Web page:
I am not lobbying for any particular technology. However, I do believe that looking for ways to benefit from waste — and using them productively rather than just burying them — will better serve the interests of our people. If incineration can prove itself “clean” enough as a process, then I believe we should consider it and promote it rather than strictly confining ourselves to what law prohibits at present. Laws can be changed to benefit people.

Incineration, or course, is not the only recourse. Technologies that make use of waste plastic in road construction as well as converting waste plastic into building material should likewise be encouraged and promoted. The effort should not be driven purely by the private sector. The government, whether national or local, should have some stake in the game.

Municipal waste-to-energy facilities will ease the pressure on local governments as well as the MMDA to build and operate landfills. Moreover, costs in waste management can be offset by income from power generation. At the very least, through a combination of solar farms and waste-to-energy facilities, perhaps cities and towns can be partly energy self-sufficient.

The MILENA-OLGA process, for instance, entails heating garbage to over 705° Celsius. And while converting solid waste to gas generates carbon dioxide, this is offset by reducing the use of fossil fuel and eliminates methane produced by landfills. The process also claims to emit zero wastewater and produce no particulates or other pollutants.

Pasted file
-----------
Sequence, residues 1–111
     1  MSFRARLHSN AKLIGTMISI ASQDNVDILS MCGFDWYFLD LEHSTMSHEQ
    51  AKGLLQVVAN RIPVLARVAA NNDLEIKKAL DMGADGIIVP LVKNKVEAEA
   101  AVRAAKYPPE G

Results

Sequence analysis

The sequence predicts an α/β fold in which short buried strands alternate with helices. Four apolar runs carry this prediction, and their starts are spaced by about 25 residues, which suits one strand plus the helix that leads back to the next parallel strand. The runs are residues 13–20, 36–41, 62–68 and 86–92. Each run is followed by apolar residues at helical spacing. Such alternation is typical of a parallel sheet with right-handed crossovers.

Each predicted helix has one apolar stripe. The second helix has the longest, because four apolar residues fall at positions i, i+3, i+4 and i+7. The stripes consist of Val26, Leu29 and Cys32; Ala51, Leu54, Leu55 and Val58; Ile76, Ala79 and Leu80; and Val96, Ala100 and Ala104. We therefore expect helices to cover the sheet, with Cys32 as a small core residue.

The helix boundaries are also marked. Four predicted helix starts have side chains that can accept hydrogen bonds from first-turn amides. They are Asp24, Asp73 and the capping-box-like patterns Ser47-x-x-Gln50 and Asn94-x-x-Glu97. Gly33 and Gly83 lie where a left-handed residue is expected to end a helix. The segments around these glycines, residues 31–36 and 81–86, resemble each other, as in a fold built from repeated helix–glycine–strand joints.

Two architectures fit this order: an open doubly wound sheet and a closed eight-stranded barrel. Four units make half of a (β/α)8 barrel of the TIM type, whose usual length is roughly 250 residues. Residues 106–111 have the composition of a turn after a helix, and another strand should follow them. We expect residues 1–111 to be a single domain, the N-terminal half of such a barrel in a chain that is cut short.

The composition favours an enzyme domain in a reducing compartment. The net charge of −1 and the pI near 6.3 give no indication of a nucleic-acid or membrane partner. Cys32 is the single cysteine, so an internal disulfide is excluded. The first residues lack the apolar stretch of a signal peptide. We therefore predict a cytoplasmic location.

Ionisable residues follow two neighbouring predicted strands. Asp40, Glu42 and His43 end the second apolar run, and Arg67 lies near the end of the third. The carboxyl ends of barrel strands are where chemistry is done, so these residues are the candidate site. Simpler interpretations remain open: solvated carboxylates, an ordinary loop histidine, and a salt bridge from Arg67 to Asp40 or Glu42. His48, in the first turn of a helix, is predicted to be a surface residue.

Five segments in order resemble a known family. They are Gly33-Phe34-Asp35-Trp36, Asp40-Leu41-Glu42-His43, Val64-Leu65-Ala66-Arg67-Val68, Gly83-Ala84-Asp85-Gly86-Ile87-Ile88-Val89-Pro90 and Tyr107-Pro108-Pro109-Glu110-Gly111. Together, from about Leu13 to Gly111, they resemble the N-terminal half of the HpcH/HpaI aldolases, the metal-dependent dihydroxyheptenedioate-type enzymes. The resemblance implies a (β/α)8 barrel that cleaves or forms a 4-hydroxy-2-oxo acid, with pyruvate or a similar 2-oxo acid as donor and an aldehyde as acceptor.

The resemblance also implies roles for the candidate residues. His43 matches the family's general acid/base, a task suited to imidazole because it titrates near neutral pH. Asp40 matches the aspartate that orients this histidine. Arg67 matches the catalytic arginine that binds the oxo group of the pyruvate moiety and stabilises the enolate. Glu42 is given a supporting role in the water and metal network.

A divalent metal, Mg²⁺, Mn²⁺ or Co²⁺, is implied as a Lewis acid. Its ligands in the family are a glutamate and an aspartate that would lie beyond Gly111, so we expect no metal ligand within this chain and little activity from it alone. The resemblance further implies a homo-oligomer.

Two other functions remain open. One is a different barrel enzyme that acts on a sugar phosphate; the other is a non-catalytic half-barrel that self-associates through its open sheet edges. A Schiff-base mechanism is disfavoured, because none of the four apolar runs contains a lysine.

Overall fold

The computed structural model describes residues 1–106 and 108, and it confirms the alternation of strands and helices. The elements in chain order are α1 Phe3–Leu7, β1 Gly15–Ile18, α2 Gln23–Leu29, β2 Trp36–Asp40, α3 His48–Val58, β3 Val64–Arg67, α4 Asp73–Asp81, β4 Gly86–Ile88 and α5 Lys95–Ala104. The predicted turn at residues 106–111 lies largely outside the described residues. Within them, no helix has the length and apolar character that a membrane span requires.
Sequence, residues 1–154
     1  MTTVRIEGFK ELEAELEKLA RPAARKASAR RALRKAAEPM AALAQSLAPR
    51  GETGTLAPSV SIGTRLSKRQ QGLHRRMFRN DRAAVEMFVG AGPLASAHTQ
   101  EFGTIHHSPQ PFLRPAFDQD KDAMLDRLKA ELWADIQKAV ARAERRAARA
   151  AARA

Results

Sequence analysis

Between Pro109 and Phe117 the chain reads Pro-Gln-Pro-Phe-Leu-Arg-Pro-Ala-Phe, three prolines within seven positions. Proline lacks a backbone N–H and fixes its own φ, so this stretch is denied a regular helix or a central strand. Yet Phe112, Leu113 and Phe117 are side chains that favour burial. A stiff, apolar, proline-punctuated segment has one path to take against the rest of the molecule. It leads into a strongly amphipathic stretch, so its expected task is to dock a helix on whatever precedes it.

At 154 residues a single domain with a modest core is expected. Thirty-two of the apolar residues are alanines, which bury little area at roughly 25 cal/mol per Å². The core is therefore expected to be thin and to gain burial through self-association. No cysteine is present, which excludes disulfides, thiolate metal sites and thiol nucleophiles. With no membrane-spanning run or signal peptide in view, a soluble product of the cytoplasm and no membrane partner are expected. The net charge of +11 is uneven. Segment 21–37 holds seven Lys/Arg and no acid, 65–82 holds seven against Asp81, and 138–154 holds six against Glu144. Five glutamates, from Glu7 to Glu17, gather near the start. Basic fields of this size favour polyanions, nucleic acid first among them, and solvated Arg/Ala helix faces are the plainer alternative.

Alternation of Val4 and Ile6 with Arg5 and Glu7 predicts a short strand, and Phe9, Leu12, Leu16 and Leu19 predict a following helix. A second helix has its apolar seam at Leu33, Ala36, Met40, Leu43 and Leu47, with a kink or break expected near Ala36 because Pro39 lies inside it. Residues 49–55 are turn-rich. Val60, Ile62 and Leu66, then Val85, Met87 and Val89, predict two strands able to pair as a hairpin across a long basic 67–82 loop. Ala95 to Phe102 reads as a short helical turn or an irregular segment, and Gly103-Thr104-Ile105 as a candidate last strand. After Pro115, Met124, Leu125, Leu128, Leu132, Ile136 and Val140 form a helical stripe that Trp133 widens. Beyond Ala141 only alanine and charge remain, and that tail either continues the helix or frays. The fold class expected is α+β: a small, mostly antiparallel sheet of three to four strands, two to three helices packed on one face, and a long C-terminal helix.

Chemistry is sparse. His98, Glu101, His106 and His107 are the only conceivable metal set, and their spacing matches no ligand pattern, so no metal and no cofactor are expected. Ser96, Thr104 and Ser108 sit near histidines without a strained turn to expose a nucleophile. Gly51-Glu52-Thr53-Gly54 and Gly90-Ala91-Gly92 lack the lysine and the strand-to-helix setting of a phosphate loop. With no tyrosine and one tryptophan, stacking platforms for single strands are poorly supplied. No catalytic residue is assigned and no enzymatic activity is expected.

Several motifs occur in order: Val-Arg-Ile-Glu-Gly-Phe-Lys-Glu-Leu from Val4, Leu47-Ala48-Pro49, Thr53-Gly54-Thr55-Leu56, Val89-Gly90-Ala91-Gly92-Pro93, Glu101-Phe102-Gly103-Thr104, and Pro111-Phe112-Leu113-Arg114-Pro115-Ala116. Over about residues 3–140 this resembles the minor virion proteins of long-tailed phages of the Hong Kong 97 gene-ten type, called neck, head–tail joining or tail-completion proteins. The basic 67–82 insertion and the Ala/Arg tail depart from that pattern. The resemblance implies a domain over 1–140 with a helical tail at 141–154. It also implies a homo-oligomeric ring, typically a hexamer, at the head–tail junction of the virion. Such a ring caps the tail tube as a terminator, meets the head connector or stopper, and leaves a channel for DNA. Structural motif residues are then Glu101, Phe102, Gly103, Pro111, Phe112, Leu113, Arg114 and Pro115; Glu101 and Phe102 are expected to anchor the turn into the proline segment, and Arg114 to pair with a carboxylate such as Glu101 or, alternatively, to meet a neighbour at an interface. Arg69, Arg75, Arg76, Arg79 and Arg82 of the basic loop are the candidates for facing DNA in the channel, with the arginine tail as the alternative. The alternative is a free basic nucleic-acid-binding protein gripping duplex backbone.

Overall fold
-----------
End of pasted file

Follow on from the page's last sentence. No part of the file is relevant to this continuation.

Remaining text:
And only a small portion of the original solid waste — garbage — is left over as inert white ash, which can be used to make cement. The system is said to be capable of powering turbines similar to those used for generating electricity with natural gas.

Puerto Princesa City in Palawan has reportedly partnered with a private company to put up a waste-to-energy plant that will make use of garbage from the Sta. Lourdes Sanitary Landfill. About 110 metric tons of garbage per day will be used as fuel or feed stock to generate 5.5 megawatts of electricity.

Other than Puerto Princesa, I believe even Davao City has initiated a waste-to-energy project, to be supported by Japanese funding and technology. Waste-to-energy facilities can benefit particular islands with limited space for landfills, and small cities and towns. Even places like Baguio City and Boracay can benefit from such technology.

There will always be arguments for and against waste incineration and waste-to-energy conversion. But we need to reopen the floor to debates and informed discussions, to allow all parties concerned to discuss the issues, and for policymakers to consider all the pros and cons. Garbage-related laws dating back 20 years or so need to be reviewed and updated to deal with the pressing needs of today.

 

Marvin Tort is a former managing editor of BusinessWorld, and a former chairman of the Philippines Press Council.

matort@yahoo.com